The impact of COVID-19 has been deeply felt throughout the LGBT+ nightlife scene as queer spaces are forced to close their doors, faced with uncertain times ahead. Yet many are still finding new ways to connect with the community.
Queer nightlife can be a haven for many LGBT+ people, as a place where they can feel safe in expressing themselves openly. However, with a worldwide lockdown, these spaces face a precarious future.
At the beginning of Ireland’s nationwide lockdown, queer spaces underwent significant changes as their doors closed. Regarding physical distancing measures, co-owners of Street 66 in Dublin, Siobhan and Cris, previously highlighted, “It’s definitely affecting business because we’re an independent small business. We’re kind of a bit nervous about the whole thing.”
Throughout the years, community has always been the driving force behind Ireland’s vibrant LGBT+ nightlife as queer people created wonderful spaces to come together in celebration. Drag artists built up powerful legacies within these places while entertaining enormous crowds. This community spirit remains at the forefront. As many venues adjust to this unprecedented pandemic, there has been a surge in support from across Ireland, such as Beours hosting online open mic nights, raising funds for crucial causes.
Though LGBT+ nightlife events have been making a move into the digital world, the future of the physical spaces presents various concerns for both the owners and clientele. This worry is felt across the globe, as a drag DJ who co-owns the Glory in East London, John Sizzle, shared, “LGBTQ venues are our own churches. It’s where we form and nurture our community and the individuals within that.”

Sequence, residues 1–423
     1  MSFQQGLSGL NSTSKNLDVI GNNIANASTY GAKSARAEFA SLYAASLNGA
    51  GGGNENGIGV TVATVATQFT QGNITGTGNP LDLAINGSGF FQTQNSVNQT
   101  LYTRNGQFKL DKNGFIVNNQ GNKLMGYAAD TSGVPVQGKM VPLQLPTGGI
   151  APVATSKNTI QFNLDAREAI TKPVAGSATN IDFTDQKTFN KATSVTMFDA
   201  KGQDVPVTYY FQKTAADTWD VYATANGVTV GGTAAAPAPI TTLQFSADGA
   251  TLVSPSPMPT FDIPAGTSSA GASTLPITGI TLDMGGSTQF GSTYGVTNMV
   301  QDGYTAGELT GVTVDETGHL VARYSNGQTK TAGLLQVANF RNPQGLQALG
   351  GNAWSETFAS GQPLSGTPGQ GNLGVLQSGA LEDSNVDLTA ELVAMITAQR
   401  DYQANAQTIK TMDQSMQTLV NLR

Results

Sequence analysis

Tom Johnson, owner of Therapy -an LGBT+ bar in Hell’s Kitchen, New York – said, “You just never imagine that your world would just be turned upside down, seemingly overnight.”
In London, five roommates recreated a typical G-A-Y night out. One of them, named Andrew, stated, “London’s LGBT nightlife scene was already struggling before the lockdown, with soaring rents and the closure of a lot of venues. I worry that many more could now be forced to close. I know that club owners including the owner of G-A-Y have been put into extremely difficult situations, trying to protect staff but still faced with large tax bills and rental costs.”
Looking ahead at plans for reopening spaces, LGBT+ nightlife faces a dire situation financial in regards to the sustainability of business within the current environment. However, queer nightlife in Ireland may still bloom again. Through the immense community spirit built up over the years, it will always find a way to thrive.
© 2020 GCN (Gay Community News). All rights reserved.
GCN has been a vital, free-of-charge information service for Ireland’s LGBT+ community since 1988.
During this global COVID pandemic, we like many other organisations have been impacted greatly in the way we can do business and produce. This means a temporary pause to our print publication and live events and so now more than ever we need your help to continue providing this community resource digitally.
GCN is a registered charity with a not-for-profit business model and we need your support. If you value having an independent LGBT+ media in Ireland, you can help from as little as €1.99 per month. Support Ireland’s free, independent LGBT+ media.